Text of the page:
Small investors feeling the pain

Optimism: It continues to exist among investors, but it is far more prevalent among younger market victims than among the retirement crowd.

July 21, 2002|By Bill Atkinson, Stacey Hirsh and Andrea K. Walker | Bill Atkinson, Stacey Hirsh and Andrea K. Walker,SUN STAFF

Mary Phillips had it all figured out. The 56-year-old office manager could retire within five years providing the money she pumped into the stock market grew.

But Phillips lost nearly half of the $18,000 she invested in an IRA when it plunged with the market. Now, the divorced mother of seven and a first-time investor has put off retirement indefinitely. "I was almost in tears because I'm the average person and I need that money," said Phillips, who works at the Injury Treatment Center in Baltimore and was counting on it, Social Security and part of her former husband's pension to retire on.

"It's like I took that money and just threw it into the street."

Phillips is like tens of thousands of investors who put their faith, future, dreams and hard-earned money into the market, only to watch helplessly as their investments vanished. The market's decline has affected a wide range of people, from retirees to those planning to retire soon to young workers who have seen their 401(k)s and IRAs shrivel.

"The pain that investors have been feeling can't be overestimated," said Jonathan Murray, a financial adviser at Legg Mason Wood Walker Inc. "It is quite widespread because so many Americans now own stock."

Investors have had to sell boats and cars and cut back on vacations, even nights out, Murray said. Hardest hit have been people who retired three years ago and used high rates of return to calculate what their portfolios would earn during their retirement.

"For those folks ... this has been extremely painful," Murray said. "They have experienced a significant decline in their capital."

The stock market's drop has been sharp and painful. The white-hot market peaked at $17 trillion March 24, 2000, according to Wilshire Associates Inc., a Santa Monica, Calif.-based financial advisory firm. But more than $7 trillion, or 45 percent of the total value, has been wiped out.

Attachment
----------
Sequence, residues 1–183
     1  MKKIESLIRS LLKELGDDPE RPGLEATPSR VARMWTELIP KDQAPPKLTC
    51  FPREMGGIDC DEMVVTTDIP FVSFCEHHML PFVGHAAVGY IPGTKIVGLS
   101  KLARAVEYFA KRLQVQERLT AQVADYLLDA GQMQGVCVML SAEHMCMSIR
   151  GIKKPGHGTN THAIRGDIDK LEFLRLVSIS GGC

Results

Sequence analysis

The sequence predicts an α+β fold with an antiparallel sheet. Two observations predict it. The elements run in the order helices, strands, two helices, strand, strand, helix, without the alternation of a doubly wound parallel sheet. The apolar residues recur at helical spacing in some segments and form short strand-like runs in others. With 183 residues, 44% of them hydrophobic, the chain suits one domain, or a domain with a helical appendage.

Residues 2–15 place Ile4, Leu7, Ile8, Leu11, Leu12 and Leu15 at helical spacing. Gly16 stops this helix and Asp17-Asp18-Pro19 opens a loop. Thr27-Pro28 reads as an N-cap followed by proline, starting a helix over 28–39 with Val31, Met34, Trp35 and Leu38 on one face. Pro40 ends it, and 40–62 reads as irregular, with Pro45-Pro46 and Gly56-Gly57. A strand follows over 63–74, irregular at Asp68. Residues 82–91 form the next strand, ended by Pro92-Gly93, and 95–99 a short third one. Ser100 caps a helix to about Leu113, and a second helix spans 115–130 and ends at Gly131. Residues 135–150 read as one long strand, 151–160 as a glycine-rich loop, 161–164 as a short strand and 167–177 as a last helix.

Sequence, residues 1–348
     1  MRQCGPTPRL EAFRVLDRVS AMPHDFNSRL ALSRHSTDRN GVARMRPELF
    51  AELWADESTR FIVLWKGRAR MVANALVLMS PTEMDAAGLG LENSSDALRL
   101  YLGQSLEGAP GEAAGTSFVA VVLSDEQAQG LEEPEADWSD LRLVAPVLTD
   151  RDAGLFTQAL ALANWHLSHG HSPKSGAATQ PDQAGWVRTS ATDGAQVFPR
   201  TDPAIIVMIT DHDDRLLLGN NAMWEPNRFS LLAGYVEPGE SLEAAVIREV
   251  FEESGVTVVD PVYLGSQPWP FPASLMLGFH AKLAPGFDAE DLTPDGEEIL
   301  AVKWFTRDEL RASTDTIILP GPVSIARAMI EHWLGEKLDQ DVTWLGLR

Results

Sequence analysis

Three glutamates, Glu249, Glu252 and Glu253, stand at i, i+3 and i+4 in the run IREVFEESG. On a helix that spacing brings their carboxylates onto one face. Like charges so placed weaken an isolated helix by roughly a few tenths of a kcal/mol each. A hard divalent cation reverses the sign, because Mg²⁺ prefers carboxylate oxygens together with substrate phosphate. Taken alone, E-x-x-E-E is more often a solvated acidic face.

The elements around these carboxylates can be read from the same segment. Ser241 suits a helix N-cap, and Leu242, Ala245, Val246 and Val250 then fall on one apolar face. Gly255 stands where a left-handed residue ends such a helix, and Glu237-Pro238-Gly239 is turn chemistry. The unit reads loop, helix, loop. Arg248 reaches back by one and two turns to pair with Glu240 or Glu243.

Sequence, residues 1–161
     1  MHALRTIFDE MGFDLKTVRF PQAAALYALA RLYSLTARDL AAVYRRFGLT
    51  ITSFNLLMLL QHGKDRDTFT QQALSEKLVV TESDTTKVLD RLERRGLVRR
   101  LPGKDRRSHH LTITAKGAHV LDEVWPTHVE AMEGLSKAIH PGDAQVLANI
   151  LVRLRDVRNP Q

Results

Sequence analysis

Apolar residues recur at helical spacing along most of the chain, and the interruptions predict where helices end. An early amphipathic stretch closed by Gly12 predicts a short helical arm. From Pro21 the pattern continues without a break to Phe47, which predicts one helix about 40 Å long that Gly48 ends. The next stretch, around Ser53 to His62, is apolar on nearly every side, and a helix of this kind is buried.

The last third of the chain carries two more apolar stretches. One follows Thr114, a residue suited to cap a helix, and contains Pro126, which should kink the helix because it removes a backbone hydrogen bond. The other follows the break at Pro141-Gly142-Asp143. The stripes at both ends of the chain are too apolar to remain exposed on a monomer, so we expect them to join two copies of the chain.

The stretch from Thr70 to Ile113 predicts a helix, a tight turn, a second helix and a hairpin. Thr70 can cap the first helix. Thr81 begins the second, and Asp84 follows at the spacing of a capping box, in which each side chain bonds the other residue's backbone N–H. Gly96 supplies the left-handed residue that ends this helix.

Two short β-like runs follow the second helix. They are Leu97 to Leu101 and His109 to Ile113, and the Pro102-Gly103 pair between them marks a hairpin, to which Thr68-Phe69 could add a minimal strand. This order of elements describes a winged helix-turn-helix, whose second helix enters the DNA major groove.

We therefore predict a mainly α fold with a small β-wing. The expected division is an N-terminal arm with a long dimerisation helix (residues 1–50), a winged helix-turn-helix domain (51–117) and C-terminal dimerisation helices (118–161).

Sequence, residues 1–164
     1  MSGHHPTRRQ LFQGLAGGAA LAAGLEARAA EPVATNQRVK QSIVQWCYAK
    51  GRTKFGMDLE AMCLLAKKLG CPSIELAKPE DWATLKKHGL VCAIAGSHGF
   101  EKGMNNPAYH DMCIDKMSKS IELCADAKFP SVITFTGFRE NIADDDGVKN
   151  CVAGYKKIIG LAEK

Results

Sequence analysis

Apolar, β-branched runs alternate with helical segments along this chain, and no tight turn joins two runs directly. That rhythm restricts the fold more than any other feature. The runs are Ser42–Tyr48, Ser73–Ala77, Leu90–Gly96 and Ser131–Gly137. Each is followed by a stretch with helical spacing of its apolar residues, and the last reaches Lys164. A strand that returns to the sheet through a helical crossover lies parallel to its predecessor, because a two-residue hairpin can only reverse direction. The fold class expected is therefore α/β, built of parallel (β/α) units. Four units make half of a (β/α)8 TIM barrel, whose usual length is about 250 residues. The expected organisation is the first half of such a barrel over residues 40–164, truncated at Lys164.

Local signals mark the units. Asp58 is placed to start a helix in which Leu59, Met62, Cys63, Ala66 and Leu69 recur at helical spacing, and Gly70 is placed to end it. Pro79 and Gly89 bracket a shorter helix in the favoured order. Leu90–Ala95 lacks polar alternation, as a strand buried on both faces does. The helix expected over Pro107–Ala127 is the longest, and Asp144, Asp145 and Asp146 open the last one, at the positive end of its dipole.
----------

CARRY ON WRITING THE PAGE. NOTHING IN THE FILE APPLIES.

The damage is so great that investors would need a minimum of 10 percent annual returns for nearly four years just to get even.

An investor who put $1 into the market on July 1, 1997, when the Wilshire 5000 market index - the broadest measure of the stock market - was at 8,441.43, would have exactly that today: $1.

"I think it probably has caused some people to say, `That is it for me,'" said Andrew M. Brooks, head of equity trading at T. Rowe Price Group Inc. "What is going to take a long time is restoring investors' confidence. There will be a time when it [faith] will come back."

The market's plunge may have broader implications than shearing away investors' portfolios. For months, economists have remained optimistic about the economy's recovery. Now, there is increasing concern that the unraveling stock market could shake consumer confidence and push the country back into recession.

"The implications for the economy are very dire," said Hugh Johnson, chief investment officer of First Albany Corp. "What does it mean for investors? A lot of life plans are going to change. It means sleepless nights; it means lots of hand wringing; it means changed plans. It is the wealth effect in reverse. We are all in the same boat."

Even though investors from nearly all walks of life have suffered, some remain optimistic that the market will bounce back. Many of those are younger people who have time to make up losses.

Jeff Kniffin, a 28-year-old paramedic from New Jersey who was in Baltimore on business, said he isn't frightened even though the $15,000 he invested in a mutual fund over the past three years has fallen about 40 percent.

"I'm still going to invest the money," Kniffin said. "Obviously, it's a long-term investment. Everything's cyclical. Everything comes back around."

Elin Williams, 25, an account executive with Digital Printer Copying in Baltimore, is just as optimistic. She has salted away $4,000 in a 401(k) plan, which is down 25 percent. Personal holdings in AOL Time Warner Inc. and GlaxoSmithKline PLC have also fallen.

But outside a downtown cafe, Williams said she hopes to earn back what she lost. "I didn't change anything" in the portfolio, she said. "I'm hoping it will turn around and go back up and maybe I'll make $1,000 I didn't have before. It's not money I ever saw anyway."

Williams flinched when she first saw her statements with the losses. "It bothered me to lose money - I mean, it's money I earned," she said. "But there are people who have lost much more than me."

People such as Dave Phoebus, 54, a high school biology teacher, who was preparing to retire. His retirement account lost 15 percent in one quarter.

"If the stock market takes a hit ... it makes it impossible to retire," he said, acknowledging that he will have to work longer.

"There's been no sunshine in it for a while," Phoebus said.

He had imagined himself in a new line of work or perhaps going back to school to further his own education. "Exercising those options is no longer imminent," he said.

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